When a president is a visionary builder: Proposes new and innovative programs and project initiatives to advance the society as a whole. Designs government sponsored infrastructure projects to energize sagging economies. Writes civil rights protections into the law in order to strengthen and insure equal justice. Supports international watchdog organizations and provides resources and new ideas to help resolve difficult conflicts. Keeps promises without totally wrecking past accomplishments. Honestly explains why some promises cannot be kept instead of spreading lies. And talks about past leaders with gratitude for their service, and respect.

Are you happy with what we have now? If not, what are you doing about it?

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Who we are as Americans is made very clear in the Constitution. Who we are as individuals is the sum total of our deeds and our words! So when you think about it, what we have here now is a serious misalignment between our president and our constitution.

“The Donald” spoke at the NRA convention in Dallas this week and promised that no one will take away the second amendment as long as he is president. He also stated that he knows all Democrats and NRA critics will take it away if they get the chance. Honestly, I really don’t know a single person who advocates eliminating the second amendment.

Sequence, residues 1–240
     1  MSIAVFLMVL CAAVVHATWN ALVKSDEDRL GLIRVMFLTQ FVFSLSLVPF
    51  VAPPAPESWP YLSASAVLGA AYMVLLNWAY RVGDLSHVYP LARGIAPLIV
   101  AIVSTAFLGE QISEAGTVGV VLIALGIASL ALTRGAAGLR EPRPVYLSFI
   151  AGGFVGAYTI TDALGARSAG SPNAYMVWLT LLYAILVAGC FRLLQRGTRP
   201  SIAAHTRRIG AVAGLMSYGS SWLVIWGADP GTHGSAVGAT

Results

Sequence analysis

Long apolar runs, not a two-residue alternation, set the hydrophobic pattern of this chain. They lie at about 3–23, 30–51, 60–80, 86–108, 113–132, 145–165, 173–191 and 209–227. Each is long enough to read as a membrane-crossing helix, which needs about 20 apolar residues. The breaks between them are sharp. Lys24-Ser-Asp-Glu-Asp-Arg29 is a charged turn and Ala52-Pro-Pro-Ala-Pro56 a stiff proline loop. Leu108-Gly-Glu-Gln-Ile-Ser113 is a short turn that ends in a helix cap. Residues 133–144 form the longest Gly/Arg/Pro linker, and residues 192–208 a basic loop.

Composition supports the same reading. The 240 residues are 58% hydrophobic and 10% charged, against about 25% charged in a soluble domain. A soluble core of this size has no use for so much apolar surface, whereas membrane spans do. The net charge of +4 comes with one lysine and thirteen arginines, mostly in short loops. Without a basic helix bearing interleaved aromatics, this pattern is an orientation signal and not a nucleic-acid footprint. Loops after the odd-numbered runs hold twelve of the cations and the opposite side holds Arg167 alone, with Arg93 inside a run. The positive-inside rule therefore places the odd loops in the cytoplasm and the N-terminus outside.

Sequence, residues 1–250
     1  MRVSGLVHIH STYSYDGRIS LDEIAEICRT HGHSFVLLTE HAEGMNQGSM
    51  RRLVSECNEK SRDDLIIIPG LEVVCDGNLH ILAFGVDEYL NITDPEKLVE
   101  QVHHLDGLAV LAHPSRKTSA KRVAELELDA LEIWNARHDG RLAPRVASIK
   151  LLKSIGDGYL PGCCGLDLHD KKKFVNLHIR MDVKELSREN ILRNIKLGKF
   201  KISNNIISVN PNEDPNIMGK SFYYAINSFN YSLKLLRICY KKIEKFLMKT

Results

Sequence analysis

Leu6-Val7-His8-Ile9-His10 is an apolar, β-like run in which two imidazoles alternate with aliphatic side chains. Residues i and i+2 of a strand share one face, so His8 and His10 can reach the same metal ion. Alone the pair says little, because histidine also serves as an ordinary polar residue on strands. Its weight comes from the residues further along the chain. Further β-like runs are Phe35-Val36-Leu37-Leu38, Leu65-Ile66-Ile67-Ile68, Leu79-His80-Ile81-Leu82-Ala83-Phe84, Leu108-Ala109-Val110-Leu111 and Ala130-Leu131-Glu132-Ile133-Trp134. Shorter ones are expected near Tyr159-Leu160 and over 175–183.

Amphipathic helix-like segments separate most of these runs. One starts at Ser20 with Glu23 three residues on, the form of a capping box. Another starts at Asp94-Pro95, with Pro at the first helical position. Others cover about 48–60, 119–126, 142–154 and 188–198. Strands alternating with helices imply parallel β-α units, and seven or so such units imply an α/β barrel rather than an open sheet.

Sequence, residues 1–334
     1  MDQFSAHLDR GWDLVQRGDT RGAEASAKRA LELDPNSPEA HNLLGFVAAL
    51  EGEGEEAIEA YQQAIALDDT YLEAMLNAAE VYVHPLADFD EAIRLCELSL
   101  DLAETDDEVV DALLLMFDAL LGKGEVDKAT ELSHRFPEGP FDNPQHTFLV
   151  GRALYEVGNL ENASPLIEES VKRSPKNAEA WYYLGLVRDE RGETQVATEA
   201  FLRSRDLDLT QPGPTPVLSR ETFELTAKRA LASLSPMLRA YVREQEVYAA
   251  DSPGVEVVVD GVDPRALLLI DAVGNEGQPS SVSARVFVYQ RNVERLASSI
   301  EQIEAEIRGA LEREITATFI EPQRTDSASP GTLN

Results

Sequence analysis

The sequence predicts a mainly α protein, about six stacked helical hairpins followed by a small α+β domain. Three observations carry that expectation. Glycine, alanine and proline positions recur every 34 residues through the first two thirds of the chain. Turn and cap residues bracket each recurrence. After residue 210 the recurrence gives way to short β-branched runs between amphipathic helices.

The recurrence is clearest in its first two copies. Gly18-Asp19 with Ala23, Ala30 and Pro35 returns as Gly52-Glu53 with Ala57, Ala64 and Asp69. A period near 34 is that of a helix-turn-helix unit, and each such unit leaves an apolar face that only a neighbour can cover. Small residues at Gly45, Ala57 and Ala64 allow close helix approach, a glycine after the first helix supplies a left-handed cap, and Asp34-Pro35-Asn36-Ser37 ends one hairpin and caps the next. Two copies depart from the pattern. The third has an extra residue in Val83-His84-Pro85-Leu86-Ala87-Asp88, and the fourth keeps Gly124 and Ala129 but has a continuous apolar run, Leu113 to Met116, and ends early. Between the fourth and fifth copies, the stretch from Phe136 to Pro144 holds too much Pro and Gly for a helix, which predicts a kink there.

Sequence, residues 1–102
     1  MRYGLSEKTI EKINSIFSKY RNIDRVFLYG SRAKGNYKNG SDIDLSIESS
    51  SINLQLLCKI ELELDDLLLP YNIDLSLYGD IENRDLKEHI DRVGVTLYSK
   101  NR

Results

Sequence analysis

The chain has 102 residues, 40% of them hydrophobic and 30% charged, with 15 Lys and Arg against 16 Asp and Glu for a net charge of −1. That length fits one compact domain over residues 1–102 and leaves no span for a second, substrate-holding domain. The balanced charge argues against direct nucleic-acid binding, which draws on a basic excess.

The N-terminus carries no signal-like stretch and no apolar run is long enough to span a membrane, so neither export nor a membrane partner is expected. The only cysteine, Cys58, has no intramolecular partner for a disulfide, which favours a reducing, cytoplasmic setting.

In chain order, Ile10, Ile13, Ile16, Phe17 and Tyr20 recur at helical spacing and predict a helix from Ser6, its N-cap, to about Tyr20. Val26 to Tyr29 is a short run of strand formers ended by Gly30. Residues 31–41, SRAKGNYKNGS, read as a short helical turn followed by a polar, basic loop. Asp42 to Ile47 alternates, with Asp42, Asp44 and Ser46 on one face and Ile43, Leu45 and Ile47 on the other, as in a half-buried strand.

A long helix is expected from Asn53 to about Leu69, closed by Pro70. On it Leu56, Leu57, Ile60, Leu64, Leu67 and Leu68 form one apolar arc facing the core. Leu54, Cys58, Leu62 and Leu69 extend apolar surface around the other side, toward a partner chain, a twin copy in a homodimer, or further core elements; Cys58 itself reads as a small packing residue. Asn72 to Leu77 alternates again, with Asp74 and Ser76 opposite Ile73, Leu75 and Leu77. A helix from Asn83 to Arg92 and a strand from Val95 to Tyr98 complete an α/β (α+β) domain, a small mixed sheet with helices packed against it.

The writers of the second amendment did so in the context of guns they had at the time and worries about militias. Years later, no one wants to take away that basic constitutional right to self-defense, to shoot targets for sport, and to hunt. But it’s also true that the constitution does not preclude the possibility that changes in society and weapon technology might suggest that a few adjustments are appropriate. Sadly today’s angry rhetoric is too polarizing to allow civilized conversation on the topic, and Trump’s NRA speech was certainly not designed for healing.

In fact, the president’s NRA speech was mostly a rambling campaign style laundry list of boasts and unexplained promises. It was vintage Trump… big boasts, few details, and no empathy. Recently all his speeches have become rallies that repeat the topics of his daily chaos-producing tweets and mind-changes with more self-praises and angry attacks. The NRA speech was no different.